In the enterprise today, connected IoT devices are everywhere – both inside and outside corporate environments. The need to identify, manage, control and secure a quickly growing web of connections and outside devices is making the already challenging task of security even more important, and onerous. In his session at @ThingsExpo, Rich Boyer, CISO and Chief Architect for Security at NTT i3, will discuss new ways of thinking and the approaches needed to address the emerging challenges of securit...
The taxi industry never saw Uber coming. Startups are a threat to incumbents like never before, and a major enabler for startups is that they are instantly “cloud ready.” If innovation moves at the pace of IT, then your company is in trouble. Why? Because your data center will not keep up with frenetic pace AWS, Microsoft and Google are rolling out new capabilities In his session at 20th Cloud Expo, Don Browning, VP of Cloud Architecture at Turner, will posit that disruption is inevitable for c...
There are 66 million network cameras capturing terabytes of data. How did factories in Japan improve physical security at the facilities and improve employee productivity? Edge Computing reduces possible kilobytes of data collected per second to only a few kilobytes of data transmitted to the public cloud every day. Data is aggregated and analyzed close to sensors so only intelligent results need to be transmitted to the cloud. Non-essential data is recycled to optimize storage.
As businesses adopt functionalities in cloud computing, it’s imperative that IT operations consistently ensure cloud systems work correctly – all of the time, and to their best capabilities. In his session at @BigDataExpo, Bernd Harzog, CEO and founder of OpsDataStore, will present an industry answer to the common question, “Are you running IT operations as efficiently and as cost effectively as you need to?” He will expound on the industry issues he frequently came up against as an analyst, and...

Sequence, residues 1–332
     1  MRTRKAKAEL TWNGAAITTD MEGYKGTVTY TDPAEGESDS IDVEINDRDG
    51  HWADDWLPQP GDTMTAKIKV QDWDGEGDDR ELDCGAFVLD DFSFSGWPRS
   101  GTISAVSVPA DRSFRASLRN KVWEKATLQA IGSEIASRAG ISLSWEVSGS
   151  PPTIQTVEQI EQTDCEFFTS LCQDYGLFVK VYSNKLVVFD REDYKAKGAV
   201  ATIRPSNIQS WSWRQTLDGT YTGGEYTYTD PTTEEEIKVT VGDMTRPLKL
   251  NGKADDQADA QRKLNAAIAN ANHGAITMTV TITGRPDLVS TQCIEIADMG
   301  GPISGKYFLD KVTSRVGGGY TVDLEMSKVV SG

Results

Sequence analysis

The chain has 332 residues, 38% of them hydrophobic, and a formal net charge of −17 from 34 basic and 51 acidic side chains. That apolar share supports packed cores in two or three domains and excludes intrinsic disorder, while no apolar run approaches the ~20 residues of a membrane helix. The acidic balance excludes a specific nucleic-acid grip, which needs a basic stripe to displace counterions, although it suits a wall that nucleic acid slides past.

In his General Session at 16th Cloud Expo, David Shacochis, host of The Hybrid IT Files podcast and Vice President at CenturyLink, investigated three key trends of the “gigabit economy" though the story of a Fortune 500 communications company in transformation. Narrating how multi-modal hybrid IT, service automation, and agile delivery all intersect, he will cover the role of storytelling and empathy in achieving strategic alignment between the enterprise and its information technology.
"I think that everyone recognizes that for IoT to really realize its full potential and value that it is about creating ecosystems and marketplaces and that no single vendor is able to support what is required," explained Esmeralda Swartz, VP, Marketing Enterprise and Cloud at Ericsson, in this SYS-CON.tv interview at @ThingsExpo, held June 7-9, 2016, at the Javits Center in New York City, NY.
Microservices are a very exciting architectural approach that many organizations are looking to as a way to accelerate innovation. Microservices promise to allow teams to move away from monolithic "ball of mud" systems, but the reality is that, in the vast majority of organizations, different projects and technologies will continue to be developed at different speeds. How to handle the dependencies between these disparate systems with different iteration cycles? Consider the "canoncial problem" ...
SYS-CON Events announced today that HTBase will exhibit at SYS-CON's 20th International Cloud Expo®, which will take place on June 6-8, 2017, at the Javits Center in New York City, NY. HTBase (Gartner 2016 Cool Vendor) delivers a Composable IT infrastructure solution architected for agility and increased efficiency. It turns compute, storage, and fabric into fluid pools of resources that are easily composed and re-composed to meet each application’s needs. With HTBase, companies can quickly prov...
SYS-CON Events announced today that SoftLayer, an IBM Company, has been named “Gold Sponsor” of SYS-CON's 18th Cloud Expo, which will take place on June 7-9, 2016, at the Javits Center in New York, New York. SoftLayer, an IBM Company, provides cloud infrastructure as a service from a growing number of data centers and network points of presence around the world. SoftLayer’s customers range from Web startups to global enterprises.